Miles To Go

I just bought four new “premium” all-weather tires, on sale, guaranteed for 80,000 miles. Seemed like a good idea at the time. Back home, breathing fresh air instead of brain-stifling tire store fumes, I did the numbers. I’m about to celebrate my seventy-ninth birthday. I drive a fourteen-year-old car with 111,000 miles on the odometer. I calculate I’ll be eighty-nine or older before I need new tires again — assuming my car and I are both still functioning — a lot to assume. Not to mention, electric vehicles will probably own the road by then.

But this is not a question of life expectancy, either mine or the car’s. The National Institutes of Health says that only twenty-two percent of women over age eighty-five are still driving. (Fifty-five percent of men — let’s just set aside the obvious conclusion that women come to their senses sooner than men.) Drivers over age sixty-five are three times more likely to get into an accident than middle-age drivers per mile driven, and — take a breath — three times more likely to die from a car crash. We older folks are simply more vulnerable.

Exiting the driver’s seat is, for a lot of folks, as traumatic as death itself. My dad, a Lutheran pastor, was one of the most patient, kind, good-humored, compassionate people ever to walk God’s green earth. Thus I gasped when he — well into his eighties — referred to a driver licensing examiner as “that Nazi!” Despite his several physical infirmities, Dad waged an ongoing battle with the Department of Licensing to renew his license. I don’t know if it was Divine Intervention or just weariness on the part of DOL bureaucrats — they finally gave him a provisional license, allowing him to drive a prescribed route between home and church, nowhere else.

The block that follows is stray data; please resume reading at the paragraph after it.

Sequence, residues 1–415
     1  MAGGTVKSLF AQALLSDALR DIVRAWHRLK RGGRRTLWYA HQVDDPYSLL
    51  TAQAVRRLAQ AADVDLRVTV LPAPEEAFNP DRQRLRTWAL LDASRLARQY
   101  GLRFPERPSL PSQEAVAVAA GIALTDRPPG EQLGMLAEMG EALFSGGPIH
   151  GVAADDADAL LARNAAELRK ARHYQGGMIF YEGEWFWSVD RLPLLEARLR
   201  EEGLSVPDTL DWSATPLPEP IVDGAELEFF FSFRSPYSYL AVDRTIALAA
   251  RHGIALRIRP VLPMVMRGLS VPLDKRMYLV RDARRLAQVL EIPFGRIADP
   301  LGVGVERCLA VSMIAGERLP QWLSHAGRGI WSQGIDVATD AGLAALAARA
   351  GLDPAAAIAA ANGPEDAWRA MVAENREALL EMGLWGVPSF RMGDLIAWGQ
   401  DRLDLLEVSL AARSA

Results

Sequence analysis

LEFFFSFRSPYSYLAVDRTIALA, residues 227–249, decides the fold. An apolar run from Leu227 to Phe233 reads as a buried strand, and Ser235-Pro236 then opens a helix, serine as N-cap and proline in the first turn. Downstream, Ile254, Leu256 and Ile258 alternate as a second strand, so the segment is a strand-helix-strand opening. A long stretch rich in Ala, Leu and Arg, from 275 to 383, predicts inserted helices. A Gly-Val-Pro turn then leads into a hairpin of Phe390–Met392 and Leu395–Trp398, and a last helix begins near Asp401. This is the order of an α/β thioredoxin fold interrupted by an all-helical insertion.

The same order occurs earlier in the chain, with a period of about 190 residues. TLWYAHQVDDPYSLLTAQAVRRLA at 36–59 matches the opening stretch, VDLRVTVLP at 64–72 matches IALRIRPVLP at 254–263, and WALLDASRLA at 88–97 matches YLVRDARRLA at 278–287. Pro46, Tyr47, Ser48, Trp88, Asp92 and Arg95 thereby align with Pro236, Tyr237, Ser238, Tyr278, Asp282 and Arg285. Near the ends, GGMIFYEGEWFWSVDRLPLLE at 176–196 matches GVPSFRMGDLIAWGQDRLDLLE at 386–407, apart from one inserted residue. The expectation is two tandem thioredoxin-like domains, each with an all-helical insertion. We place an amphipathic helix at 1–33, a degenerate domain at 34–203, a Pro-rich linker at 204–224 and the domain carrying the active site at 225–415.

Mother, on the other hand, quit voluntarily. Well, kinda. It was after she totaled her car. She was driving home from visiting Dad’s grave one quiet morning when she blew a stop sign and crashed into another car in the intersection. No one was injured, but it was clearly her fault. For the next couple days, she followed her usual course when she had a Big Decision to make: she prayed, then wrote out a pro/con list. Finally, she called her grown children, confessed her sad story and sadder decision. The administrator of the retirement community where she lived thanked her effusively. He hated having to demand that a resident hand over their car keys. I eventually asked her if she missed driving. “All the time,” she sighed.